Telstra insists on ‘upward of 18%’ return

Should Telstra build FTTN, they insist on a return of 18% as a minimum.

That’s a lot of money to be forcing from consumers struggling with mortgage rises, and other factors, more so in a market where the pressures are on the price being dropped, and value for money being increased.

What makes Telstra so sure it should get 18% or more on a network investment? Considering a FTTN network is more than a 30 year investment, they could easily survive and do well from an 8% return, so why 18% is beyond me.

The costs of the network only go up when someone smashes down a node, which would be ‘rare’, or if a fibre cable was cut through, also not a very common experience when you have metro and regional areas with in place cable locations.

Further, why on earth should they get 18%? We could argue all the way about why they shouldn’t get it, starting with the lack of competition during Telstra’s construction, through to now, where competition has a difficult time taking a dominant lead due to Telstra.

Why should they get it? Shareholders can easily find somewhere else to invest their money. CEOs can easily find a new company to be a dickhead at the helm of. And networks can be built by many other companies than Telstra.

So, what makes Telstra so special to ask for 18% return on any FTTN investment? It all just looks like they are the dominant provider, so they’ll say this and if no one takes it, tough luck, you get none at all.

An 18% return on $4 billion is equal to $720 million. That $720 million will be coming from around 7 million consumers pockets, which means they are seeking around $121 off each of the 7 million customers to pay for and build the network (ie. the cost of building and the cost of the return). This is compared to $45 off each of the 7 million customers on an 8% return, so you must ask, why does Telstra feel they are entitled to that extra $76? What does it get you? Nothing. What does it get Telstra? Phil, with a lot more weight added.

That is $76 per customer per year, so it is clear the prices will go upward to cope with this, as in the current environment, profit per customer for non Bigpond customers is near the $10 mark, I’m sure.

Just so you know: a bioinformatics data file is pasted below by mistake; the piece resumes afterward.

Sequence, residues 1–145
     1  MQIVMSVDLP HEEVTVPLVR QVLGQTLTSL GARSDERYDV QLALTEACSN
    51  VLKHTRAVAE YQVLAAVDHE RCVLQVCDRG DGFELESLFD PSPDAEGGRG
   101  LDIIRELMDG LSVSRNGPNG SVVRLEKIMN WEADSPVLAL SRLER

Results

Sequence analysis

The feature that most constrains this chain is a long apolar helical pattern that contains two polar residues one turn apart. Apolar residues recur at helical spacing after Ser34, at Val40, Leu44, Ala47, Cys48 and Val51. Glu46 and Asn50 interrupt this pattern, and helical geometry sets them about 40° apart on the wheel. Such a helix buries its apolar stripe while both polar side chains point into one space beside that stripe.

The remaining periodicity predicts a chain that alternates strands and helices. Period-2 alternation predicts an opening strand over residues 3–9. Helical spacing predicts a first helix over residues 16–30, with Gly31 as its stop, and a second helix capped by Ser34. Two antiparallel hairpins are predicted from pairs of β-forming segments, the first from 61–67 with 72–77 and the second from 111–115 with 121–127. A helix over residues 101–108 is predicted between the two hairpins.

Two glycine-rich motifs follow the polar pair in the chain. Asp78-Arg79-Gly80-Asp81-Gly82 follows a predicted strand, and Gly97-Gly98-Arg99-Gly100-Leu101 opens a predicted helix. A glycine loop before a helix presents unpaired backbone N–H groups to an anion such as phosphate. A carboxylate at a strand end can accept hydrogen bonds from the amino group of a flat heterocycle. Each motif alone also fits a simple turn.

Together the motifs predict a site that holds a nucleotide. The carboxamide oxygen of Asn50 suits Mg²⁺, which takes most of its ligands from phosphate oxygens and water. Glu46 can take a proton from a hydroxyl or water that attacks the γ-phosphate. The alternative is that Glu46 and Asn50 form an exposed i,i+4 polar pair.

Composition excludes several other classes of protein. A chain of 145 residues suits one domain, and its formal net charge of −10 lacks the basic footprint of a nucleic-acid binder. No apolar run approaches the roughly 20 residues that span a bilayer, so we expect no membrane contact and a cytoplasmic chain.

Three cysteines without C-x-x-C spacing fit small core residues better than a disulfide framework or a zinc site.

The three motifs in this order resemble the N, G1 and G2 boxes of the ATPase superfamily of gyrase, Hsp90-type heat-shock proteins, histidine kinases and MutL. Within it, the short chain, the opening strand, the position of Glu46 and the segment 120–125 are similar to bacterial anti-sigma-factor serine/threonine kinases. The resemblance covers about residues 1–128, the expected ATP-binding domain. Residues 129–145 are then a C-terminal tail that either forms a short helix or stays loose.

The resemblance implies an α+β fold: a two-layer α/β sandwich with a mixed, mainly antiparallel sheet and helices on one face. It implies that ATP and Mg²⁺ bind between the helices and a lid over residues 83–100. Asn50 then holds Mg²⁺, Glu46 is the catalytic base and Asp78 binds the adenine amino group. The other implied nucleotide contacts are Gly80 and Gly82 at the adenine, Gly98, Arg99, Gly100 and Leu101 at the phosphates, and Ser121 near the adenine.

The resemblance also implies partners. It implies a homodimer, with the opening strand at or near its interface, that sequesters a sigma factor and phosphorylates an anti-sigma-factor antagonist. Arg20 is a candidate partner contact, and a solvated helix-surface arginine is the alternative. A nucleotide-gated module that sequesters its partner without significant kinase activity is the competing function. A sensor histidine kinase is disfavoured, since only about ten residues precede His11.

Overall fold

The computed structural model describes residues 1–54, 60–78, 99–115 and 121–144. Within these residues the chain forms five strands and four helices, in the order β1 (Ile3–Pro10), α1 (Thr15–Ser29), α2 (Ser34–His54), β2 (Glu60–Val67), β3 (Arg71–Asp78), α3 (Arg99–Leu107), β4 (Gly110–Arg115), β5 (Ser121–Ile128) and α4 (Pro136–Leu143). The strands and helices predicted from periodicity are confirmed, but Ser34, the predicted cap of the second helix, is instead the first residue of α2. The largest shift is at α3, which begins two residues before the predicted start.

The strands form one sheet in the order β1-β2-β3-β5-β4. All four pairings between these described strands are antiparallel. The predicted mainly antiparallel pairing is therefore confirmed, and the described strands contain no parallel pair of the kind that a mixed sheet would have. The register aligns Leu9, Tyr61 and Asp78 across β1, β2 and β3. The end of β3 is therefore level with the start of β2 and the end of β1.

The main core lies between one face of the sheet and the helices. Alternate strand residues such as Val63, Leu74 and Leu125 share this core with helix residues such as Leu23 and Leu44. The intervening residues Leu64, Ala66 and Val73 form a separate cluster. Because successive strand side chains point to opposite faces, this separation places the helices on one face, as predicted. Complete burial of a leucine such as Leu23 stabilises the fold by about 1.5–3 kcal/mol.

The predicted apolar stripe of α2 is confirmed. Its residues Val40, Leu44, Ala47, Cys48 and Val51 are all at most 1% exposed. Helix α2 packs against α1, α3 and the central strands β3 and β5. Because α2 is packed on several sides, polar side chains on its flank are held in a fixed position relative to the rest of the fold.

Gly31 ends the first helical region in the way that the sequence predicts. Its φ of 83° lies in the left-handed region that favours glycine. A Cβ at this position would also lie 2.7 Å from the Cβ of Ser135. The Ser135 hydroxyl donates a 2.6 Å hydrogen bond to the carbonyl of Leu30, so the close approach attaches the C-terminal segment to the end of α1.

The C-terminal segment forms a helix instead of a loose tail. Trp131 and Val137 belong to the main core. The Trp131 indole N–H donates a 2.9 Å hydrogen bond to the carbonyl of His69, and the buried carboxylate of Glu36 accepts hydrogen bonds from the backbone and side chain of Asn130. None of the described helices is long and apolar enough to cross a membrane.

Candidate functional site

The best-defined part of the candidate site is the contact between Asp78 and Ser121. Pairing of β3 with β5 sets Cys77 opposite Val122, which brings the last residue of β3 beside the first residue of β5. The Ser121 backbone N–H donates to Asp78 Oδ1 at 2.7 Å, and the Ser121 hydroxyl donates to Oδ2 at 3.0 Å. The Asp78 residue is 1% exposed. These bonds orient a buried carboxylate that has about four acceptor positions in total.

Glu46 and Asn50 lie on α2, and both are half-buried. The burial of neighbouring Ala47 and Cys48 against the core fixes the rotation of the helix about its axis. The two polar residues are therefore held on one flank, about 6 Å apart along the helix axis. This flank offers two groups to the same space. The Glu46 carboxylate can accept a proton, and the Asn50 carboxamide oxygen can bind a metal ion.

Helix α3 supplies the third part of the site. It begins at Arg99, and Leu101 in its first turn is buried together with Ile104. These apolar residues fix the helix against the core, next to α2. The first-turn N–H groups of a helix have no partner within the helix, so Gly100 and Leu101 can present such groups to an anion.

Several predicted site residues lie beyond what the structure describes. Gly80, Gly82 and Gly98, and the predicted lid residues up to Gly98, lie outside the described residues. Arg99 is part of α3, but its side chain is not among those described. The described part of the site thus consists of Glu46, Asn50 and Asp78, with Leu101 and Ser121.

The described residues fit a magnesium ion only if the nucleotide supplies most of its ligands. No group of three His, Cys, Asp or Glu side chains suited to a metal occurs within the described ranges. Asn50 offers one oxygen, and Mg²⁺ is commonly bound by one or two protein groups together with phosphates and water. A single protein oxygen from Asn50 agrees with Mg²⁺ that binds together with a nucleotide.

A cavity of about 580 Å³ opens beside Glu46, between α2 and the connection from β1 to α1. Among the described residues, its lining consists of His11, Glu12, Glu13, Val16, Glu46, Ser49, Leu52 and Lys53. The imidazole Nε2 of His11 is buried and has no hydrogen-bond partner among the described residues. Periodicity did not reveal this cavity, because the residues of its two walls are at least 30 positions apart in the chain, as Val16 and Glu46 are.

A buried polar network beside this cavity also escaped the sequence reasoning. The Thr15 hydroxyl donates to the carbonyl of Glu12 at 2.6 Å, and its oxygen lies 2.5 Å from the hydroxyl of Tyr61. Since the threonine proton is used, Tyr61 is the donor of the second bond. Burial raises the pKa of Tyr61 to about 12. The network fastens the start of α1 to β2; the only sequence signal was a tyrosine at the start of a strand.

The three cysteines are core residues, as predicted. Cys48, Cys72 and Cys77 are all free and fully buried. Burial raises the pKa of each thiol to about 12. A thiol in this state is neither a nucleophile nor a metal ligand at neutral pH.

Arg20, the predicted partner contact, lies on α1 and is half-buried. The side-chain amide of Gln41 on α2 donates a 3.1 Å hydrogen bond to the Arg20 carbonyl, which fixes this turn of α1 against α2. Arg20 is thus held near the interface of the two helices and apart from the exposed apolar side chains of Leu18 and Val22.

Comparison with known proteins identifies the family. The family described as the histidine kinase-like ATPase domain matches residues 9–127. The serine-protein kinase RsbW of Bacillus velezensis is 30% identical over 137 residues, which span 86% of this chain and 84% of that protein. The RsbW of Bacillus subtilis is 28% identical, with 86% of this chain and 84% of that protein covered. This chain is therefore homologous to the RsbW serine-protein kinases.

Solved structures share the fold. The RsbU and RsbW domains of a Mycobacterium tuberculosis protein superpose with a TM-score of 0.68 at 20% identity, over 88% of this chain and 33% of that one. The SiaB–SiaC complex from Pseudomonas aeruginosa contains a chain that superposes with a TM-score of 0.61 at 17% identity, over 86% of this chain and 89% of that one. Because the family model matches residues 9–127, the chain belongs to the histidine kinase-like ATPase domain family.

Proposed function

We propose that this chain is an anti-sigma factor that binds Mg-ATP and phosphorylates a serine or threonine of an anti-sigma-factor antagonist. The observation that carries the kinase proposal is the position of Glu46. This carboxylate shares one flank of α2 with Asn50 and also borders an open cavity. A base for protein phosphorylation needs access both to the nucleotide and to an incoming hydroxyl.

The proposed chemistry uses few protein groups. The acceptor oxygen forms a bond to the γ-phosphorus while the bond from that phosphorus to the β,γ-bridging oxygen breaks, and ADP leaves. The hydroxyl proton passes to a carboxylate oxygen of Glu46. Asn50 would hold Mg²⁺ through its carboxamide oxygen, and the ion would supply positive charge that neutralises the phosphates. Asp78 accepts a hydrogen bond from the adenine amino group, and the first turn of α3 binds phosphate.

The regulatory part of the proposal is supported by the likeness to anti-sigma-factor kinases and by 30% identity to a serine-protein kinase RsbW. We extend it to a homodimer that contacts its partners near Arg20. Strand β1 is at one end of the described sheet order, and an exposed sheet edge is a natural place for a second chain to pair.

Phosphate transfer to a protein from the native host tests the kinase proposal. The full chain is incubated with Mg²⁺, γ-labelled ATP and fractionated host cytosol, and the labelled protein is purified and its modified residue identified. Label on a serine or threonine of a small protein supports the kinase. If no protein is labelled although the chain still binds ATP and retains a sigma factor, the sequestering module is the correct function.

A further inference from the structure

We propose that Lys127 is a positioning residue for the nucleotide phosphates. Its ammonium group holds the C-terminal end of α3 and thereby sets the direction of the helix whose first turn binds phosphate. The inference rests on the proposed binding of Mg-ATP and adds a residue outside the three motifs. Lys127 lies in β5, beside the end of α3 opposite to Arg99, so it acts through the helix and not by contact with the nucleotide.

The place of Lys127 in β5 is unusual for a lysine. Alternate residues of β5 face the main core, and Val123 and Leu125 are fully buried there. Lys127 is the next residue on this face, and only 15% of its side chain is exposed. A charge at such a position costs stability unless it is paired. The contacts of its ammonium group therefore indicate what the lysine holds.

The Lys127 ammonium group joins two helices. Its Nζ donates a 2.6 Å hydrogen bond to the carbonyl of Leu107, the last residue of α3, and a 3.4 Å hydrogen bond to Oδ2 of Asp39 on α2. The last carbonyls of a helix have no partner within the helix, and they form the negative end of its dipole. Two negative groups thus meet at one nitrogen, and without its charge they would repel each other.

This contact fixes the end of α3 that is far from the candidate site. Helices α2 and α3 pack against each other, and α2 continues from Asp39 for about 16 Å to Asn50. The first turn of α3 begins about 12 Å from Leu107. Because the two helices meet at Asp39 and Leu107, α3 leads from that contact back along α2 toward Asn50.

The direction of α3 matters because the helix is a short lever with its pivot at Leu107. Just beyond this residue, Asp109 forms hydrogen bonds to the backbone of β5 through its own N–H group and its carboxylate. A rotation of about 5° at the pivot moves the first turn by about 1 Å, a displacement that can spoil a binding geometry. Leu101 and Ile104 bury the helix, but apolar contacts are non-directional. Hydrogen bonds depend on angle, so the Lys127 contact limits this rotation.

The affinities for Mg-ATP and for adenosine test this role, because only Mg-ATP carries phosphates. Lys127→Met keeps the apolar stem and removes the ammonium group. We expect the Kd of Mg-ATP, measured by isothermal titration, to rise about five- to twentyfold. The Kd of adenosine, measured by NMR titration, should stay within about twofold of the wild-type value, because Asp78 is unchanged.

Which reflects again, what need is there for FTTN if prices will soar, and performance will be pretty much on par with current ADSL2+ deployments? Doesn’t seem necessary.

Phil even went as far as to claim it was ‘high risk’. FTTN isn’t high risk. You build the infrastructure, and it lasts for some significant time, that time period allows for Telstra to suck up profits each and every year, for 30 years or more.

And due to the nature of the environment, FTTN will be practically competitor free for some significant time due to the high investment costs and the lack of technical viability of node to node interconnection.

Seems like Phil has not much of an idea of what high risk is, FTTN would be very low risk, and given an overbuild protection agreement to ensure Telstra doesn’t try and force me out of business, and $4 billion in the bank, I’d not hesitate to build for an 8% yearly return. It makes sense, it’s MORE money for shareholders, without pickpocketing the consumers.

The high-risk component of FTTN is only with Telstra, no other competitor has the ability to overbuild nationally, another FTTN network, it is not financially viable, and it is not technically viable to overbuild, unless, you are Telstra, who will happily run at even a significant loss, just to maintain dominant marketshare and force competitors out of the market.

G9 still have my vote on this regard with just a 10 year overbuild protection arrangement makes it worthwhile. Telstra had at least 30 years. G9 getting 10 ? That’s a peice of cake.


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